1. Realizing that the iterated integral is a double integral over some region $D$.

  2. Expressing $D$ as the other type of region (Type II if it was originally set up as Type I, and Type I if it was originally set up as Type II).

  3. Re-writing the integral over $D$ as an interated integral in a new way. If had originally been $dx \,dy$, it should now be $dy \,dx$, and vice-versa.

  4. Doing the new iterated integral.

An example is worked in detail in the video below.

Example 1: Evaluate the integral $$I \ = \ \int \int_D\, x\,\sqrt{1+y^3}\, dA$$ when $D$ is the triangular region shown to the right enclosed by the $y$-axis and the lines $$y \ = \ \frac{1}{3}x\,, \qquad y \ = \ 2\,.$$

Bad Choice: Fix $x$ and integrate with respect $y$ along the red line. Then $$I \ = \ \int_0^6 \left(\int_{x/3}^2\, x\,\sqrt{1+y^3}\, dy\right)\,dx\,.$$ The trouble is that the inner integral involves requires evaluating the integral $$\int_{x/3}^2\, \sqrt{1+y^3}\, dy\,.$$ Nothing you've learned so far in calculus will work here! The other order of integration is needed.

Good Choice: Fix $y$ and integrate with respect to $x$ along the black line. Then $$I \ = \ \int_0^2 \left(\int_{0}^{3y}\, x\,\sqrt{1+y^3}\, dy\right)dx\,.$$ Now the inner integral involves requires evaluating the integral $$\int_{0}^{3y}\, x\, dx\ = \ \Bigl[\,\frac{1}{2}x^2\, \Bigr]_0^{3y} \ = \ \frac{9}{2}y^2\,.$$ In this case, $$I \ = \ \frac{9}{2} \int_0^2\, y^2 \, \sqrt{1+y^3}\,dy\ = \ 3\int_1^3\, u^2\, du\ = \ 26\,,$$ using the substitution $u^2 = 1+y^3$.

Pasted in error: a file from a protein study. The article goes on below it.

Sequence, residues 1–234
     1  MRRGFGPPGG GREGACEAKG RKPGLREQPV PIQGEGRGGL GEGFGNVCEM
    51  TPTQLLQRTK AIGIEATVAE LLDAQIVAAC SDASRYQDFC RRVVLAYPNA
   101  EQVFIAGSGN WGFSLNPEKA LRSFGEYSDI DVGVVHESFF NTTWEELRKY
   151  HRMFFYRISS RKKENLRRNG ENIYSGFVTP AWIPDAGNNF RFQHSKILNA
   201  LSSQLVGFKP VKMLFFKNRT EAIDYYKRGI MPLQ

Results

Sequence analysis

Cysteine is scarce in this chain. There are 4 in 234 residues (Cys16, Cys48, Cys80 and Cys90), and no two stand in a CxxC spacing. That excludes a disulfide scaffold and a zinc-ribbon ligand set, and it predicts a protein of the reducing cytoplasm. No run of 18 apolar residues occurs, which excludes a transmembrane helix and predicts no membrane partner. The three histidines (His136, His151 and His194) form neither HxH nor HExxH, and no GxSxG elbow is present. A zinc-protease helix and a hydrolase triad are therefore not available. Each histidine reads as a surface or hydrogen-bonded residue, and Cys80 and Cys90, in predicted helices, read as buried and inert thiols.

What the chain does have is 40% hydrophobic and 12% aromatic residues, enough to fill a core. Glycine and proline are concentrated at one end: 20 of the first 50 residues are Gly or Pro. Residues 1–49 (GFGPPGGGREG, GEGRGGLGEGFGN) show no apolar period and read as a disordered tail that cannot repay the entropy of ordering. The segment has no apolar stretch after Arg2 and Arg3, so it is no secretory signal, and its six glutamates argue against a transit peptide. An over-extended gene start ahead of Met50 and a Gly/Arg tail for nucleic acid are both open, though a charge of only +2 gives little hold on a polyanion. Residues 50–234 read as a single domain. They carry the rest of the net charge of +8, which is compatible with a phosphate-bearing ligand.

Reversing the order of integration in a double integral always requires first looking carefully at a graph of the region of integration. Then it's a matter of algebra and inverse functions.

Example 2: Reverse the order of integration in the iterated integral $$I \ = \ \int _0^2\left(\int_{x^2}^4\, f(x,\,y)\, dy\right)dx\,,$$ but make no attempt to evaluate either integral.

Solution: The region of integration is the set $$D \ = \ \Bigl\{\,(x,\,y) : \, x^2 \le y \le 4\,, \ \ 0 \le x \le 2\,\Bigr\}$$ whose graph is shown below. The given repeated integral fixes $x$ and integrates with respect to $y$ along the vertical black line. To reverse the order of integration we need to fix $y$ and integrate with respect to $x$ along the red line. To set up the repeated integral we have to express $D$ in the form $$D \ = \ \Bigl\{\,(x,\,y) : \, \phi(y) \le x \le \psi(y)\,, \ \ c \le y \le d\,\Bigr\}$$ for suitably chosen $c,\, d$ and functions $\phi(y),\, \psi(y)$.

Now by inverse functions, the parabola $y = x^2$ can be written as $x = \sqrt{y}$; this tells us how to find the right hand limit of integration $x = \psi(y)$.

On the other hand, the graph above shows the left hand limit is $x = 0$. Thus $D$ can also be written as $$D \ = \ \Bigl\{\,(x,\,y) : \, 0 \le x \le \sqrt{y}\,, \ \ 0 \le y \le 4\,\Bigr\}\,.$$ Consequently, reversing the order of integration shows that $$I \ = \ \int _0^4\left(\int_0^{\sqrt{y}}\, f(x,\,y)\, dx\right)\,dy\,,$$ integrating now first with respect to $x$.

Warning: The tricky part of swapping the order of integration is re-writing the limits of integration. This involves studying the region of integration. $$\int_a^b \int_{y=g(x)}^{h(x)}\, f(x,y) \,dy\, dx$$ does NOT become $$\int_{g(x)}^{h(x)} \,\int_a^b f(x,y) \,dx\, dy \hbox{ !!}$$